0 that they only knew that Jesus is the way. He not only offers to be with them the pillar of cloud and of fire, the manna and the fountain, but he is The Way and there is no other. There is no real progress heavenward but IN JESUS.

Abiding in Him.

One thing more — vital to this abiding union with Jesus in its fulness: that is a constantly renewed consecration to do his will.

“If ye keep my commandments ye shall abide in my love: even as I have kept my Father’s commandments and abide in his love.”

It is an every day freshness of full purpose to do all the will of Jesus, that is here enjoined as the way to abide in his love.

Every day the panorama of life shifts its scenes indeed kaleidoscope-like, our circumstances change to the turn of every moment, almost.

Some disciples think they must look over the ground of duty at the end of each year, and begin anew on New Year’s day. Most of those who pretend to serve the Master feel it incumbent when setting out in the world for themselves, or when commencing married life, or when engaging in a new business then to seek a new adjustment to their new circumstances. But this should be the daily, hourly, constant manner of the disciples of Christ. “I do always the will of my Father,” said the blessed Saviour, “and if you will keep my commandments you shall abide in my love, as I have kept my Father’s commandments and abide in His love.”

Just here many and many a truly converted one has missed the way and slid into darkness.

There is no living in the light without living in obedience.

Remember! Faith accepts the command and obeys, just as it also accepts the promise and rests upon it.

The branch abiding in the vine, adjusts itself to the times and seasons of the vine. It puts forth buds, blossoms and leaves in the spring, fruit in the summer, and in the fall ripens its precious burden for the husbandman, then drops its leaves, and composes itself for the rest and strength-gathering time of the winter. Just so we need to adjust ourselves to the will of the Master daily and hourly.

So shall we abide in his love, and so shall his love also abide in us forever.

Before closing, there is one practical question — always important, doubly so now — concerning young converts: What shall we tell them?

Shall we tell them — as alas, is too often done — Ah, you are joyous now, but your joys will soon fade?

No. That would be cruel, even if true; but it need not be true. Tell them rather — Abide in Jesus, and your joys shall be full.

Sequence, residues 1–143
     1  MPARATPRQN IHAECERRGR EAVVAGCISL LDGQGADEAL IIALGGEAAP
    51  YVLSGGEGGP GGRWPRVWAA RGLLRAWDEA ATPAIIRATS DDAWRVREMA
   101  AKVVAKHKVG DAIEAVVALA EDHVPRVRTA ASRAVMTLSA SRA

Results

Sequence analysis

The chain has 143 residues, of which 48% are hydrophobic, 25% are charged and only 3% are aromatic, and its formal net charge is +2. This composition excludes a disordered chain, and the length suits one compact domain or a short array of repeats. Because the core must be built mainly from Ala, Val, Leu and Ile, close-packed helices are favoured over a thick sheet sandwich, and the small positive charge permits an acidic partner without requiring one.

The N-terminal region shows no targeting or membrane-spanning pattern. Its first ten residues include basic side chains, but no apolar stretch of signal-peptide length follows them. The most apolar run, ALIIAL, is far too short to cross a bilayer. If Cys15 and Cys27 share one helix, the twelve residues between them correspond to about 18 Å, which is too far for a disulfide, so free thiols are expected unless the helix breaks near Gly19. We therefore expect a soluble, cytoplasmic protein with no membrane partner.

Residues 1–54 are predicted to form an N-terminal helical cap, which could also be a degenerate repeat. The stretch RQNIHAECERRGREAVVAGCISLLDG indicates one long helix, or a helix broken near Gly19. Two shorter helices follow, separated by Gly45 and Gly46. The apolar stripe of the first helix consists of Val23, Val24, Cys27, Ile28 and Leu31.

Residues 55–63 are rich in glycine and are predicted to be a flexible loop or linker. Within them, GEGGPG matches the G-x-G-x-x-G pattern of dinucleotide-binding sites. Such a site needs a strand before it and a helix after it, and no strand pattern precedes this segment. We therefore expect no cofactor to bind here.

Tell them like Paul to press for the mark, and like President Edwards, to be more urgent in seeking the Lord than before conversion, and then with Paul you shall be filled with all the fulness of God, and with Edwards your joy in God shall be so great that when you walk in the fields everything shall be alive with God, and you shall not be able to speak forth his praises — your swelling emotions will seek expression in song — his statutes shall be literally your songs in the house of your pilgrimage, and as your joys so also shall your usefulness be. The joy of the Lord shall be your strength. You shall be abundant in labors and abundant in success.

But what shall we tell the young convert about the higher life?

Tell him that he must go through a long process of seeking — must try all the byways before finding the highway? No. No.

Tell him simply to abide in Jesus. As he has received him, so to walk in him. Give himself to Jesus, soul, body and spirit.

Commit the keeping of his soul to Jesus.

Commit the purifying of his soul to Jesus. Commit all the affairs of life to Jesus. Cast all his cares upon Jesus.

Take Jesus as all in all, and find all in him. Take up every cross. Keep every commandment and walk in his love. Tell him to do this and he shall not grope in darkness, but will be in the higher life —

 “And all that life is love!“

 Tell him the words of Jesus.

 “I am the true vine, and my Father is the husbandman. Every branch in me that beareth not fruit, he taketh away: and every branch that beareth fruit, he purgeth it, that it may bring forth more fruit.

Now ye are clean through the word which I have spoken unto you.

Abide in me and l in you. As the branch cannot bear fruit of itself, except it abide in the vine: no more can ye, except ye abide in me.

I am the vine, ye are the branches. He that abideth in me, and I in him, the same bringeth forth much fruit: for without me ye can do nothing.

If a man abide not in me, he is cast forth as a branch, and is withered; and men gather them, and cast them into the fire, and they are burned.

If ye abide in me, and my words abide in you, ye shall ask what ye will and it shall be done unto you.

Herein is my Father glorified, that ye bear much fruit; so shall ye be my disciples.

As the Father hath loved me, so have l loved you: continue ye in my love.

If ye keep my commandments, ye shall abide in my love: even as l have kept my Father’s commandments and abide in his love.

These things have I spoken unto you, that my joy might remain in you, and that your joy might be full.”

Tell them further from Jesus —“This do, and the ‘promise of the Father’ shall be shed upon you, and ‘Ye shall receive power when the Holy Ghost‘ is given you; then shall ye be ‘witnesses unto me.’”

And now, unto Him who is able to do exceeding abundantly above all we ask or think, according to the power that worketh in us, unto Him be glory in the church, by Christ Jesus, throughout all ages, world without end. Amen.